Santa Has His Helpers- And You Can Have Yours…

Santa Has His Helpers- And You Can Have Yours…

The weather is changing, leaves are falling, down jackets are being spotted on the street; yes the season is coming. It’s time to settle in for winter, and get geared up for the holiday season. Tis the season for family gatherings, good food, and gifts for all.

It’s also the season that a lot of people with rheumatoid arthritis, myself included, begin to feel more achy. Weather changes seem to affect about two thirds of us, and this is most likely due to changes in barometric pressure although scientists haven’t completely agreed about this. For me, confirmation by medical science that I actually do feel worse before storms is the least of my concerns, because the link is so clear. Instead, I am more interested in figuring out what to do to lessen the impact the weather has on my life.

The good news is this: as the weather gets colder, and your joints get stiffer, you have the opportunity to ask for some arthritis helpers from Santa! This year, when you are making your gift list for your loved ones, why don’t you ask for some TLC and/or some things that will make your life easier?

Here are a few of my favorites:

  • Scented or unscented heating pads that you relax with at night
  • Compression gloves, socks, or tights
  • Kitchen Aids (like electric can openers, pressure cookers, jar openers)
  • A Vibrating massage wand
  • A gift certificate for a massage
  • Bath Salts
  • A Book/Magazine holder for your tub
  • Warm Pajamas, socks, or slippers
  • A Paraffin Bath for hand pain
  • Aromatherapy candles, lotions, or oils
  • An Electric blanket, mattress pad, or down comforter
  • A gift certificate for cleaning your house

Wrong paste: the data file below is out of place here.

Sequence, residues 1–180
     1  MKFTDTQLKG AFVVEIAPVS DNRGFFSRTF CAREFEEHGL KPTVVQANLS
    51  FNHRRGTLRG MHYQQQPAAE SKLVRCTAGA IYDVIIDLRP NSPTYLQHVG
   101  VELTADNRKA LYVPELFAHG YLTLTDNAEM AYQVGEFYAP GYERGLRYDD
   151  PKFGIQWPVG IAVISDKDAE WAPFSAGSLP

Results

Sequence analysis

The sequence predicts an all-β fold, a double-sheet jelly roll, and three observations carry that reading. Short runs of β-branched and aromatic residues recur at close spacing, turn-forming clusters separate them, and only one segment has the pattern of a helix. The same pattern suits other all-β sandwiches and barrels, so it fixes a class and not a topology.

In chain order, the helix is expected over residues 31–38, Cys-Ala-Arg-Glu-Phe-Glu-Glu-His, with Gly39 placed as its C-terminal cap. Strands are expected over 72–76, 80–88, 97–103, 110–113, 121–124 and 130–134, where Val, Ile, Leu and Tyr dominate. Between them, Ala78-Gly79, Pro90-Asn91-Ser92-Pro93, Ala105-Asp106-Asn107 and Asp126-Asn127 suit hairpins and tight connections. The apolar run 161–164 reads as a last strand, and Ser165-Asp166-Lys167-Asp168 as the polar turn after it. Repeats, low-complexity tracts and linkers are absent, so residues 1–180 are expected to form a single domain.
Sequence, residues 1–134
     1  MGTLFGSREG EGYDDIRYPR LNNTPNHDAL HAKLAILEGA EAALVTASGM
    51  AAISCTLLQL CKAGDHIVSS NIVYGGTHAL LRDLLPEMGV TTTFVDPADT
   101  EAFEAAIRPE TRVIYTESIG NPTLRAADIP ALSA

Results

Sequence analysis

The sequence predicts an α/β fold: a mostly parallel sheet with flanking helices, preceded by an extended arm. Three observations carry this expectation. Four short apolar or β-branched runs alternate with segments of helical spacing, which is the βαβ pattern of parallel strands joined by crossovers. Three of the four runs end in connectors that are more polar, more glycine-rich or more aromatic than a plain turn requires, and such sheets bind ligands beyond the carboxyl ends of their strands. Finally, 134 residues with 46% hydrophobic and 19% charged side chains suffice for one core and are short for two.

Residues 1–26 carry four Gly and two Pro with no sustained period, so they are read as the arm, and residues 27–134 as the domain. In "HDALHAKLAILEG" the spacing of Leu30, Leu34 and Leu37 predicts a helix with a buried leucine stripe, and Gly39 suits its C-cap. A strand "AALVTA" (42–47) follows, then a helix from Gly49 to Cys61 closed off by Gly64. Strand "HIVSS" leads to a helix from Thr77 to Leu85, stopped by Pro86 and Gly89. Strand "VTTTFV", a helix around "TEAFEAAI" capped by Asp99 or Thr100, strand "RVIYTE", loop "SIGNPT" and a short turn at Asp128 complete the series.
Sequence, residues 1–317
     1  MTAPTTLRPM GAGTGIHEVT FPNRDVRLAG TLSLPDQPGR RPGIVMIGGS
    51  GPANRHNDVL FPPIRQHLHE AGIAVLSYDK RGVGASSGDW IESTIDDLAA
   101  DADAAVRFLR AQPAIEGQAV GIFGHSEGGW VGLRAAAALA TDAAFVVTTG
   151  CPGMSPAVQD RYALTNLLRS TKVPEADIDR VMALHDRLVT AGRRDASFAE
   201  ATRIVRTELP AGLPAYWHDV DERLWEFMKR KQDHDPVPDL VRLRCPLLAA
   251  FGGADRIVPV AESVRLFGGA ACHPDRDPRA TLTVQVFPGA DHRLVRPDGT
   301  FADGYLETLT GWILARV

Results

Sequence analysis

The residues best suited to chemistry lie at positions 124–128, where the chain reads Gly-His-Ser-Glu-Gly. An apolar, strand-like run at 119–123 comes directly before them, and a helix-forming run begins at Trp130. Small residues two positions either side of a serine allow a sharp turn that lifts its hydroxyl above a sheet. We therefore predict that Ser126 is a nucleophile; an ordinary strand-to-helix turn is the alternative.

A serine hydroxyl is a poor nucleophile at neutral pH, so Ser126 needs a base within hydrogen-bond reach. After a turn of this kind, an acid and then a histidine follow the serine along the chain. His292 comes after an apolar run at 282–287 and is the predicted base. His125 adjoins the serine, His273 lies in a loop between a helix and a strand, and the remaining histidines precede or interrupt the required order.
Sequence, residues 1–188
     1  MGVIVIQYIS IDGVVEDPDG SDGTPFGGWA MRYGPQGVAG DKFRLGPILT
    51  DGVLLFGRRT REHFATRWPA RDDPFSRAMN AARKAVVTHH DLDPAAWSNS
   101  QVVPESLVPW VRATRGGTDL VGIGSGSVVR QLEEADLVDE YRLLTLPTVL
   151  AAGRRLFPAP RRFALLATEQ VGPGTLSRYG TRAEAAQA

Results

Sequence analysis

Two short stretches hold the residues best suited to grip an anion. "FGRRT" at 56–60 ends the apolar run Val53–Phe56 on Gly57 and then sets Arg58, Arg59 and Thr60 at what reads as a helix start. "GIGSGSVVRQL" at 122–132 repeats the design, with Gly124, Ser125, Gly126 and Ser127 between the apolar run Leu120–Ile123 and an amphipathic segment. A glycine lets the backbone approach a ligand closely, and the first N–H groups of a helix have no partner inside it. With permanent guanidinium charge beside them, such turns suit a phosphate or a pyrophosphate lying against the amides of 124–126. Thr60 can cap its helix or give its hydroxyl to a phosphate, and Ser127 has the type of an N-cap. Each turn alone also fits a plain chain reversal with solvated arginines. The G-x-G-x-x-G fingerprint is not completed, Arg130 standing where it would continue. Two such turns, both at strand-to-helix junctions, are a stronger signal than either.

• Books on arthritis or self-help
  • Key turners
  • Doorknob assists
  • Jar openers
  • Guided meditation CD’s
  • A padded yoga mat
  • Yoga socks or shoes
  • Shoe insoles or good shoes
  • A Lavender eye mask

If you are curious about other ideas a simple internet search on arthritis aids or gifts for people with arthritis will give you some great ideas. It’s early enough in the season that you have time to start your list and do some research about what exactly it is that you want. Over the years I’ve accumulated quite a large RA “toolbox” that is filled with many of the things on this list and, although I don’t dig into my box every day, it sure sees some use during the winter! If you are new to RA and still unsure which items will be the most useful, try this. Go through your days this next week and make a note when you encounter something that is hard to do, or causes increased pain. Then, refer to the list I have above, and/or do a search on the internet to find a solution.

Holidays are a really good time to practice speaking up with your loved ones about what your needs are. By guiding them towards gifts that help your RA, you are also spreading awareness about the daily impact the RA has on your life. This could lead to some interesting conversations, some real connection, and a better understanding about how to help you in the future. One year I asked my nephew for a gift of a shoulder massage. He happily massaged me every day that I was visiting for the holidays, and to this day he remembers how much he helped me. Not only did he feel happy that he helped, he continues to be curious about the RA and my pain, which has led to a much closer relationship.

Dream on and happy hunting!

This article represents the opinions, thoughts, and experiences of the author; none of this content has been paid for by any advertiser. The RheumatoidArthritis.net team does not recommend or endorse any products or treatments discussed herein. Learn more about how we maintain editorial integrity here.

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